'How to Lose Friends and Alienate People' gatecrashes the Blu-ray party correctly framed at widescreen 1.85:1 with a very good 1080p transfer. It's a very recent film so you'd be shocked if it was anything less. As Sidney arrives in New York, the night skyline reveals nice deep levels of black, while during the wide daytime shots, the yellow cabs are vibrant. Skin tones are nicely rendered and there's no evidence of oversharpening on faces. Contrast is such that the shots look natural, both interior and exterior of the offices. There's no obvious grain, it all looks good and we have no digital artefacts to bother us.
It looks like a good print of a movie shot on modern film stock.
The audio is supplied as a Dolby TrueHD 5.1 surround mix that really swings into action with the music track as Sidney arrives in New York and can't wait to get out on the town. There's real thumping base in the nightclub sequence near the start to prod your subwoofer into gear. Dialogue is clean and crisp, firmly locked to the centre channel while the effects are used well to provide ambience. A very pleasing, enveloping soundtrack.
I found that while the movie is Region 0, some of the Extras are locked to Region B - i.e. they won't play on an American Region A player. Fortunately, I have this covered.
There's no real 'Making of...' featurette among the extras, but what we do have more than makes up for it.
- Audio Commentaries:
We have two audio commentaries, the more interesting being the one with Simon Pegg and Director, Robert Weide. It sounds like they got on well during the shoot and they guide us through the movie, while gently ribbing each other. This is probably one of the more entertaining commentaries around.
The other commentary has the Director flying solo. He covers some of the things mentioned above, but in general it's a director's eye view, that gives you an idea of what he worried about during the shoot.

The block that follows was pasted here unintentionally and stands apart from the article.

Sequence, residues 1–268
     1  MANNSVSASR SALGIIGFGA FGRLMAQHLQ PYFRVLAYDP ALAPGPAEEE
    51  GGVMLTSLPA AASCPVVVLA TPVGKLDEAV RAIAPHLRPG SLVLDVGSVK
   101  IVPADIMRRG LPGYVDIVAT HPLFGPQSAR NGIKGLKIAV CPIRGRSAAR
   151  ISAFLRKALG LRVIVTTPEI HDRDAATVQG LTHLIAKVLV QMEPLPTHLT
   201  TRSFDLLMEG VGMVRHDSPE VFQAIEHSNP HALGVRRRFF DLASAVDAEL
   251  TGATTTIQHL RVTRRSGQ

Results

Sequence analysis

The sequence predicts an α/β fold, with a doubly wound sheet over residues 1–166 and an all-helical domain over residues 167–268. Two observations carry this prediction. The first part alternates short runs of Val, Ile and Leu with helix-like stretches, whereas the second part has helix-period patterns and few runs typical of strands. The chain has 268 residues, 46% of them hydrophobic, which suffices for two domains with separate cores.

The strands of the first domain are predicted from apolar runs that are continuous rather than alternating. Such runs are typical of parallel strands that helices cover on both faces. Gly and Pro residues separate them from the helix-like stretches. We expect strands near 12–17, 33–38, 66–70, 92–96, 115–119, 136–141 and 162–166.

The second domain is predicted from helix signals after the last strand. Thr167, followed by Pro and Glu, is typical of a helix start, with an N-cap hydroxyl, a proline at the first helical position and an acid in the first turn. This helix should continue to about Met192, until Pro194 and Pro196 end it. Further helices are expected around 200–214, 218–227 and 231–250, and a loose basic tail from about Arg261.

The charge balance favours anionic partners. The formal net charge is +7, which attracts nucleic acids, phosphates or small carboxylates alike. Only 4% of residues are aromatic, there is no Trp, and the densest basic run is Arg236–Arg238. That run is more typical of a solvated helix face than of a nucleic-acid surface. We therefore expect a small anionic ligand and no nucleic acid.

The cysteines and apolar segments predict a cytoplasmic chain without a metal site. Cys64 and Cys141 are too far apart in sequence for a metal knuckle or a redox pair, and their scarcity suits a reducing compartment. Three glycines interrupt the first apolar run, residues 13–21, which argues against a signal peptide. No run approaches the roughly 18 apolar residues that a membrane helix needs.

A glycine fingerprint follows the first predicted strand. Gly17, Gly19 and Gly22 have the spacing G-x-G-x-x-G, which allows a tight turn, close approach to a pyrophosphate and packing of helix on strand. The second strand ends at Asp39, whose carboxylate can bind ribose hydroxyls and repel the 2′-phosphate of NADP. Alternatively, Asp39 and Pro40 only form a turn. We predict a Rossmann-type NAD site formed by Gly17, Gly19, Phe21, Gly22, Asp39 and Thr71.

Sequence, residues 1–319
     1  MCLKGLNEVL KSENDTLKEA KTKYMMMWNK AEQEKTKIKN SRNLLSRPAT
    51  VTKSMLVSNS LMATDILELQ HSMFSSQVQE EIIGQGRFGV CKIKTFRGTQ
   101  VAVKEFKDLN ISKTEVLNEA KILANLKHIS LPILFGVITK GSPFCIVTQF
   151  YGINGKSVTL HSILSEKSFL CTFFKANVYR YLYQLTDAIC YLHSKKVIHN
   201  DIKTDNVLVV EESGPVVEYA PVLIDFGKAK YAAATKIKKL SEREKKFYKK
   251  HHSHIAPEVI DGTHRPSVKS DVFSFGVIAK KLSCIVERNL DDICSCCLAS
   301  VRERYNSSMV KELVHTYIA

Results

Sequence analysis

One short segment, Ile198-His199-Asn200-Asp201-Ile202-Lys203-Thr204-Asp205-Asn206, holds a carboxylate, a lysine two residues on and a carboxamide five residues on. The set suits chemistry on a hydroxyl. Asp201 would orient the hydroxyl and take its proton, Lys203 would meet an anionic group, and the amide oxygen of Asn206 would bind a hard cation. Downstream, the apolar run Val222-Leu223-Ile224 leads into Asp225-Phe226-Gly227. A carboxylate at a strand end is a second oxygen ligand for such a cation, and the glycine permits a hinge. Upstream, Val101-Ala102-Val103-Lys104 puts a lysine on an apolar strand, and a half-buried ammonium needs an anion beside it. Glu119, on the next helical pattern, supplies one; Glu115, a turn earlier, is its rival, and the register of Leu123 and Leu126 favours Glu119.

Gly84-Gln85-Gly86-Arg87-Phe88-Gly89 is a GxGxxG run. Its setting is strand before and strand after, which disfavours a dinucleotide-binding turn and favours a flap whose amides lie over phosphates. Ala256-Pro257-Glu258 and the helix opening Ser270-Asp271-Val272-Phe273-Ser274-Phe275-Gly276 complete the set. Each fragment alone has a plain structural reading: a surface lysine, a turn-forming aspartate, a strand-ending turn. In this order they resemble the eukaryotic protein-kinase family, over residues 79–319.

- Gag Reel (HD, 31 mins)
Yup, that's right - a whole 31 minutes of outtakes. There's one scene in particular with the lovely Ms Dunst forgetting her lines in take after take. On the final take when she got them right, she spotted a continuity error. I think that after several 'You'll be Alright on the Night' shows, the appeal of seeing someone forget their lines is lessened somewhat.
- Deleted scenes (HD, 15 mins)
Some deleted scenes are really extensions of ones that made it to the final cut. You can see why they were deleted mostly as they would have slowed the pace and made it drag.
- Simon Pegg Blogs
This is a series of six 'video diary' entries of the production captured on an HD camcorder. We see behind the scenes in an immediate way that makes it look 'live'. We get some idea of the schedule and gaps between filming principal photography and final pick-up shots.
'How to Lose Friends and Alienate People' has a very good 1080p widescreen 1.85:1 transfer of this recent movie that's a pleasure to watch with vibrant colour and deep blacks. The Dolby TrueHD 5.1 surround track is enveloping without being overpowering with clean, crisp dialogue and a lively music track that swings into action as required.
The movie itself is genuinely funny, with Simon Pegg and a strong cast charting the fall and rise of socially disaster prone Sidney Young in his attempts to take New York's chic magazine set by storm. Real 'laugh out loud' stuff that took me by surprise.
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